Nature News and Columbia University have made an interactive Google Earth map showing the world populations at risk from nuclear fallout. The map looks at population and the locations and sizes of nuclear reactors, and plots risk graphically in circles.
[T]wo-thirds of the world's 211 power plants have more people living within a 30-kilometre radius than the 172,000 people living within 30 kilometres of the Fukushima Daiichi plant, who have been forced or advised to leave. Some 21 plants have populations larger than 1 million within that radius, and six have populations larger than 3 million.
But population wasn't the only factor in assessing the "risk" each nuclear plant posed. In an accompanying article, Nature News lays out its risk assessment methodology, which also takes into account "External Threats," such as earthquakes, tsunamis, fires, flooding, tornadoes or even terrorist attacks, "Design and Age" (although it cautions against placing too much stock in one reactor design being safer than another), and "Culture," because no matter how safe the design of a plant, it is "operated by error-prone humans."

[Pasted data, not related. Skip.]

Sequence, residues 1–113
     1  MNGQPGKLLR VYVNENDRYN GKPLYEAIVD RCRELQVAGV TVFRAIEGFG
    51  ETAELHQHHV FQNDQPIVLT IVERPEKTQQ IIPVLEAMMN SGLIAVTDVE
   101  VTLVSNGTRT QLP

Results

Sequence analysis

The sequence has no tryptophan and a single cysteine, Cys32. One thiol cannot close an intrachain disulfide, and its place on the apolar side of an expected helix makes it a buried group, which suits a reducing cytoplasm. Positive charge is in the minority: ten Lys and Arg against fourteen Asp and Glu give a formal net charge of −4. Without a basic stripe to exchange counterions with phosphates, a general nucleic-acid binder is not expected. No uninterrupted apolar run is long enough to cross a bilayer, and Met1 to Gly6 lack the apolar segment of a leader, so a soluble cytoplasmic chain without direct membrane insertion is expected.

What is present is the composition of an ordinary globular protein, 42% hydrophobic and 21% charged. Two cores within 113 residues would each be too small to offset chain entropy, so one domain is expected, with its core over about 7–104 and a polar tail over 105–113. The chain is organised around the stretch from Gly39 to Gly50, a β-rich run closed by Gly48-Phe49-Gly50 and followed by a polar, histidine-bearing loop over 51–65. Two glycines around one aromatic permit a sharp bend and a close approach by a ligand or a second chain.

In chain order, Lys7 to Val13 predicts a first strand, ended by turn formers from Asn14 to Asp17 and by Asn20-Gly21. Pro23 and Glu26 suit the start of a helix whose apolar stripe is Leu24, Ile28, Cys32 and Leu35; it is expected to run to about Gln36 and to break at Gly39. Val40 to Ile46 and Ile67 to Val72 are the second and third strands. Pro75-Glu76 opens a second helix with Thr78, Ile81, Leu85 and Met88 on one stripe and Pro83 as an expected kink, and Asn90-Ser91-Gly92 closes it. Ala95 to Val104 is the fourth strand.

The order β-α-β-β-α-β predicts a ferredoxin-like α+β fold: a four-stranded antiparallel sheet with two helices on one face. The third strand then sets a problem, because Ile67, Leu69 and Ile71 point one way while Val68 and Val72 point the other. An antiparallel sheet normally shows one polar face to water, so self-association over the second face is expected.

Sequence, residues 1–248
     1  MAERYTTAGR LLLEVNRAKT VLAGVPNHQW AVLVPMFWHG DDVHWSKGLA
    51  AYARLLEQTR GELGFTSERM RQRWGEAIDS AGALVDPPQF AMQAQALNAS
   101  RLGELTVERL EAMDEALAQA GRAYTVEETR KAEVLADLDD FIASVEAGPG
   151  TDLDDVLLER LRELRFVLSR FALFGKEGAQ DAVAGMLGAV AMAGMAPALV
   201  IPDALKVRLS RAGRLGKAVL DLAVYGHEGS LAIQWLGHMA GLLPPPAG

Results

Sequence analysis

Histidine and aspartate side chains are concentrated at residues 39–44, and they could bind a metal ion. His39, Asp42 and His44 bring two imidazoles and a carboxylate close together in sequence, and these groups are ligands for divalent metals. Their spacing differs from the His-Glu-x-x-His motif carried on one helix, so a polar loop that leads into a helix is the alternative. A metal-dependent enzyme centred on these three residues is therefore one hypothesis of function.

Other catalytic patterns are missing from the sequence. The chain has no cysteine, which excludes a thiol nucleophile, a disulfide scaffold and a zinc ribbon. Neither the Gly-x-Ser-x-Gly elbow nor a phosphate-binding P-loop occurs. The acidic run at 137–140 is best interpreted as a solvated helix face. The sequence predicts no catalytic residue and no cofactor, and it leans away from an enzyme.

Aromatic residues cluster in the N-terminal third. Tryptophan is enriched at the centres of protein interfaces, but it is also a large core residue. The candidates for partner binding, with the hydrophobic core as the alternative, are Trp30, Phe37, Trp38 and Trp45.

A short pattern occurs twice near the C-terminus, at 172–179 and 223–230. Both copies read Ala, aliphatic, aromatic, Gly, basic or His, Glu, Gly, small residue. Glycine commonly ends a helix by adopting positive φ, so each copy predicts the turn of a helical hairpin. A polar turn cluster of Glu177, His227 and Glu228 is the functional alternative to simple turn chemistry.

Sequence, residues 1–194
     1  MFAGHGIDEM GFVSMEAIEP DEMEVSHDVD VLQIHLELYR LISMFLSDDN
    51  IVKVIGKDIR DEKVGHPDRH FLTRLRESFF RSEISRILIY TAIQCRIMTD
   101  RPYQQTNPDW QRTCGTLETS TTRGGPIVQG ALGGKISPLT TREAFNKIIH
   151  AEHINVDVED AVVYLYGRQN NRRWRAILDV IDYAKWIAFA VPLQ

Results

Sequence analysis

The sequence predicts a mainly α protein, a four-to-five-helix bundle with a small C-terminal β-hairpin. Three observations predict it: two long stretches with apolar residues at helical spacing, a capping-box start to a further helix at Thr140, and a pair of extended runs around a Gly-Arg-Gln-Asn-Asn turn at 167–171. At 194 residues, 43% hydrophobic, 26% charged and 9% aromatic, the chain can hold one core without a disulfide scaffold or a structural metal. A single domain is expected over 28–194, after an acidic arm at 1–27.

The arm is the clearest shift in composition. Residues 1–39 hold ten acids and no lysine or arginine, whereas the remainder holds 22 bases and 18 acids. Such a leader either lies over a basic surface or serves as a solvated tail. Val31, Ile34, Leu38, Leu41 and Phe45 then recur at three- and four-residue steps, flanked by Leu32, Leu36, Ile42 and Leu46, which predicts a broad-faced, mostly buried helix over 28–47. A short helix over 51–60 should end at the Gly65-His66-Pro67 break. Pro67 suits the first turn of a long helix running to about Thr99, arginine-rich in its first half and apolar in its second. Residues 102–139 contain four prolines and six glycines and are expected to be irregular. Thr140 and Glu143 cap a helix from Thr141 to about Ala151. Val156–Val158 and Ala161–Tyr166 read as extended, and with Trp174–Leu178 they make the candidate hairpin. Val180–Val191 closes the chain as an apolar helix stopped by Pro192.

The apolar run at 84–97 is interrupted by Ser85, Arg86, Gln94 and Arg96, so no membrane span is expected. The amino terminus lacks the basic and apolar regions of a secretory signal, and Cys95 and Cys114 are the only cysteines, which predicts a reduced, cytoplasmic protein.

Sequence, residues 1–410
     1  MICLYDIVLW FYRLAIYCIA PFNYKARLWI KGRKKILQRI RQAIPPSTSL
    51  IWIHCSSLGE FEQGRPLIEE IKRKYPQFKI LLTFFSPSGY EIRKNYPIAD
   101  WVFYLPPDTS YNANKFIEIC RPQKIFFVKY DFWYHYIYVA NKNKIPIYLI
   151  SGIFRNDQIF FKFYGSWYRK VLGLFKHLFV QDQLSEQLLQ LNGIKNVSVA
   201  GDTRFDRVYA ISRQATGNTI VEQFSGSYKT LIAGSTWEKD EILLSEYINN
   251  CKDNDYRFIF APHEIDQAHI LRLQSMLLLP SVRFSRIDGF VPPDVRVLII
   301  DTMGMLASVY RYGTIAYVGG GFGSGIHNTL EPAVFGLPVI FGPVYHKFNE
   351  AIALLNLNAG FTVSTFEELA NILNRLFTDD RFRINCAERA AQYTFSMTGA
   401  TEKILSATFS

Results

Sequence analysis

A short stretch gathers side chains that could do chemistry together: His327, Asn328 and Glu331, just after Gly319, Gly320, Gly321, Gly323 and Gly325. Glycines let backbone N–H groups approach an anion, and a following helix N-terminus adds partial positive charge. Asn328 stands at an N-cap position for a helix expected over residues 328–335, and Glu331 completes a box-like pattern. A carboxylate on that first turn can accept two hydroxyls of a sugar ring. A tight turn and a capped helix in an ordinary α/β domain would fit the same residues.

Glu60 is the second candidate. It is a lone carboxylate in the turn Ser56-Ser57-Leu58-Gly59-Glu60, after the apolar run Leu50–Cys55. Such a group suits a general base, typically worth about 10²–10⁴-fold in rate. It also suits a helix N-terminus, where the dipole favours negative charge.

Experts say that the largest single internal factor determining the safety of a plant is the culture of security among regulators, operators and the workforce — and creating such a culture is not easy.
[E]xperts see as potentially the fastest-growing risk in the nuclear industry: that many countries with little or no past experience are embarking on nuclear power or are already building large numbers of reactors...Experts worry about lack of regulatory oversight and corruption in some regions.
In depth as the project and analysis is, what emerges is how difficult it is to quantify risk at nuclear plants. As Nature News points out that the Fukushima Daiichi plant was considered as having a "relatively low chance" of sustaining major earthquake or tsunami damage.